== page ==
Technology 2 min read

New Airplane Concept Could Reduce Nitrogen Oxide Emissions

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Nitrogen oxide emissions are a significant source of air pollution.

They are harmful gases that react to form smog and acid rain. However, the greenhouse gas is vital to the formation of fine particulates (PM) and ozone in the atmosphere.

Unfortunately, besides its environmental effect, nitrogen oxide is also harmful to human health. In fact, medical experts have linked the deadly gas with respiratory diseases and cardiovascular disorders.

NOx is one of aviation’s biggest air pollution problems. According to MIT, generations of nitrogen oxide emissions from global aviation results in 16,000 premature deaths annually.

Now, a team of engineers has devised a solution. It’s a hybrid-electric airplane concept that could cut NOx emissions by a whopping 95 percent.

In a statement about the project, professor of aeronautics and astronautics at MIT, Steven Barrett said:

 “If you want to get to a net-zero aviation sector, this is a potential way of solving the air pollution part of it, which is significant, and in a way that’s technologically quite viable.”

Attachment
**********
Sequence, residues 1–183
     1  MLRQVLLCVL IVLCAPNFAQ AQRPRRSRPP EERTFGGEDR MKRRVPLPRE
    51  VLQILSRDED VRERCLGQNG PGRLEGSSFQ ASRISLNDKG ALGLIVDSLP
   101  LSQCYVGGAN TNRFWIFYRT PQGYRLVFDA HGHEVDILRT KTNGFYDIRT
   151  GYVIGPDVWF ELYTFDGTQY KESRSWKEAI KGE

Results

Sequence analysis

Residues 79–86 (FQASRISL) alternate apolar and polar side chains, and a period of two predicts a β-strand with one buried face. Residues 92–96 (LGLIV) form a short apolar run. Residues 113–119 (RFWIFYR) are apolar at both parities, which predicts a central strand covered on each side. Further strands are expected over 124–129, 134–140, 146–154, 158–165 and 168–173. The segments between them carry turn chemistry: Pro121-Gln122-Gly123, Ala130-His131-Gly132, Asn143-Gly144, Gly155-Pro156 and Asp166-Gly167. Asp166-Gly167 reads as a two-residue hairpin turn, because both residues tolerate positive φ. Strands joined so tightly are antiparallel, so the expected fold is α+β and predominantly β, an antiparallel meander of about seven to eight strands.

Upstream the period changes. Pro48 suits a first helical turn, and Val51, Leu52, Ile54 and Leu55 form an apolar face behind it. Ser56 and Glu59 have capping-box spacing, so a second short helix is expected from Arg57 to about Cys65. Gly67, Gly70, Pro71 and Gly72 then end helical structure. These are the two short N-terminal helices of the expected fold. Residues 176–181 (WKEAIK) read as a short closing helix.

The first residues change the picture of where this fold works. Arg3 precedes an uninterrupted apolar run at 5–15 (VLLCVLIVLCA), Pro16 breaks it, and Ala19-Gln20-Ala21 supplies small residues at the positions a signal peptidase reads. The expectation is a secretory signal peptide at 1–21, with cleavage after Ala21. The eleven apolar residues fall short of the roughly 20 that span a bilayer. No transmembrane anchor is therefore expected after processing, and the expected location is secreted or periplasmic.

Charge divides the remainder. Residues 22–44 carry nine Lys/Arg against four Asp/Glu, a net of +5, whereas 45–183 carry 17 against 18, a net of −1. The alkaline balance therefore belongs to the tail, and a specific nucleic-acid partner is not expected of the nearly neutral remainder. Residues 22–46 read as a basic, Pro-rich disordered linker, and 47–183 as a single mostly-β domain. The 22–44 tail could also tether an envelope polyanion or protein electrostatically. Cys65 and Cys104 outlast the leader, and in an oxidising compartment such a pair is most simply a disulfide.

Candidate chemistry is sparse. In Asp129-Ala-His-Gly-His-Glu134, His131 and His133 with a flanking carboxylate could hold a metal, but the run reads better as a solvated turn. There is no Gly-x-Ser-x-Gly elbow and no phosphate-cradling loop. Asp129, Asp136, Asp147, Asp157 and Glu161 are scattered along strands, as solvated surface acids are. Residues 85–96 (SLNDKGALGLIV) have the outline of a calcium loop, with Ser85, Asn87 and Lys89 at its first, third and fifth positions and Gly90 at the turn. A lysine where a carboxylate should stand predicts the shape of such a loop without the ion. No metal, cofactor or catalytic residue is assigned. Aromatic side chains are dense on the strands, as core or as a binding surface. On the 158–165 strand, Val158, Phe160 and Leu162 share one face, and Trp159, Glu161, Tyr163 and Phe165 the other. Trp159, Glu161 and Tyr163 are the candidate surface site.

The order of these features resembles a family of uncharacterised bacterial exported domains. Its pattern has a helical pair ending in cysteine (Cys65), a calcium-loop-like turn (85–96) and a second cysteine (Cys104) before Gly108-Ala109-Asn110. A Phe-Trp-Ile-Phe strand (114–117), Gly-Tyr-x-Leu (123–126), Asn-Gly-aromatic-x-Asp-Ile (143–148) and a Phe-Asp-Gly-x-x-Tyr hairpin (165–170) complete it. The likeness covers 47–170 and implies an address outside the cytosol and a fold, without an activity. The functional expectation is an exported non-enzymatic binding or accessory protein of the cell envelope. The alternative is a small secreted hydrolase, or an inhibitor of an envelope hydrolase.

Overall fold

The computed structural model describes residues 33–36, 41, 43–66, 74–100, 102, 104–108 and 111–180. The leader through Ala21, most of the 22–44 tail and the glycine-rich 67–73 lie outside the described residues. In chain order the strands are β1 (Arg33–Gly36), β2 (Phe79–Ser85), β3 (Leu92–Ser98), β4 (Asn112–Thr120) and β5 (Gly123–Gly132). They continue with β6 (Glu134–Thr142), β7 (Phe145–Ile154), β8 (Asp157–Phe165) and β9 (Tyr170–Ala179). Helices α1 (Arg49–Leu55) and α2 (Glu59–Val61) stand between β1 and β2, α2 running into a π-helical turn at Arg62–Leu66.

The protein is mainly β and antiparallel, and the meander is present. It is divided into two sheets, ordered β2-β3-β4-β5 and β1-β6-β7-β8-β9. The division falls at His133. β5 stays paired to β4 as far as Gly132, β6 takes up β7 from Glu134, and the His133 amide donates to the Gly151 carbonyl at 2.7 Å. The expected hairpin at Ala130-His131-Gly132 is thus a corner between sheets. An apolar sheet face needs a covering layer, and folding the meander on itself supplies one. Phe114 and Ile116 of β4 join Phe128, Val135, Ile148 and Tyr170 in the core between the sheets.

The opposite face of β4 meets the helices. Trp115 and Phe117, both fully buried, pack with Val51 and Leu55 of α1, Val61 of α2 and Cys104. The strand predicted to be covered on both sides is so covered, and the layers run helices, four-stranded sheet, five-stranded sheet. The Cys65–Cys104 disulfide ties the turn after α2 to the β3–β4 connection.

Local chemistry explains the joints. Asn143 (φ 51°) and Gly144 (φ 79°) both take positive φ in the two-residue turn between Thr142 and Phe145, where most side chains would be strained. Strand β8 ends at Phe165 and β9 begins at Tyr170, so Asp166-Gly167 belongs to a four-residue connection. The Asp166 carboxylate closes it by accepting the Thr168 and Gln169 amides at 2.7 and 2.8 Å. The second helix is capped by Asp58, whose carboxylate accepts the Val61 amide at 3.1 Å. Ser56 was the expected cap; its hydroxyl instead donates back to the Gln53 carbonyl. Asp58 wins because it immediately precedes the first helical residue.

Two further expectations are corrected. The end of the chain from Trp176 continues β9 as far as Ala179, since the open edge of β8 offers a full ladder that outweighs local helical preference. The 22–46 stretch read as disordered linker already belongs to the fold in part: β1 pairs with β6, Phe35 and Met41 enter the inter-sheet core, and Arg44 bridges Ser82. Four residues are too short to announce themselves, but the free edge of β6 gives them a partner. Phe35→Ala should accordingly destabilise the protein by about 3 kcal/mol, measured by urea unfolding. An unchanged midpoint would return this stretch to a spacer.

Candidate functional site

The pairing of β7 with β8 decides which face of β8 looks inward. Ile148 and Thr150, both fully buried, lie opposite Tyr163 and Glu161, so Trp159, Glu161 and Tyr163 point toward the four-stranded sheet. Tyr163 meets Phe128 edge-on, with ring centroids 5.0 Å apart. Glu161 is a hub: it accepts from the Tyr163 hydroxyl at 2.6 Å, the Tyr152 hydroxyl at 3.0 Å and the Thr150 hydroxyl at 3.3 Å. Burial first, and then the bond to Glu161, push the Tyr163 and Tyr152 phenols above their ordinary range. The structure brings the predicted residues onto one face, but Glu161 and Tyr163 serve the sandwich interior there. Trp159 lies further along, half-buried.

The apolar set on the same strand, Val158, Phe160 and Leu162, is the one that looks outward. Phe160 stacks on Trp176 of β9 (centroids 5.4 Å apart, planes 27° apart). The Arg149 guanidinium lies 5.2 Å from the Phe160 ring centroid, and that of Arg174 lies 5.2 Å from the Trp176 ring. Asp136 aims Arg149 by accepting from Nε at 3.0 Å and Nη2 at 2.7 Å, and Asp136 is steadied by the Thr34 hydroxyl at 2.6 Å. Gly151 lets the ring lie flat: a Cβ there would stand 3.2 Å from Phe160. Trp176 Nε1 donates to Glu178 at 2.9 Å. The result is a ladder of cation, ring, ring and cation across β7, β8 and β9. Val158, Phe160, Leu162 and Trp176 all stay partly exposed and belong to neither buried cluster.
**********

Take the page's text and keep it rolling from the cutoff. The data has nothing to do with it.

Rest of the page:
The team published their design details in the journal Energy and Environmental Science.

A Hybrid-Electric Plane Concept to Cut Nitrogen Oxide Emissions

As in a regular plane, a gas turbine still serves as the primary source of thrust in the hybrid-electric concept.

However, the design places the turbines in the plane’s cargo hold instead of the wings. That way, they could drive a generator to produce the electricity, which would, in turn, power wing-mounted electric propellers.

The engineers also suggested using an emissions-control system to reduce the turbine’s emissions further.

Barrett noted:

“This design would add some hundreds of kilograms to a plane, as opposed to adding many tons of batteries, which would be over a magnitude of extra weight.”

For example, implementing the hybrid-electric system on a Boeing 737 or Airbus A320 would add extra weight. As such, the plane could require 0.6 percent more fuel to fly.

However, the design would also eliminate 95 percent of NOx emissions. What’s more, it could cut pollution-related deaths due to aviation by 92 percent.

We need to get to essentially zero net-climate impacts and zero deaths from air pollution,” Barrett concluded.

Read More: Increased Emission of Nitrous Oxide Alarms Scientists

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Sumbo Bello

Sumbo Bello is a creative writer who enjoys creating data-driven content for news sites. In his spare time, he plays basketball and listens to Coldplay.

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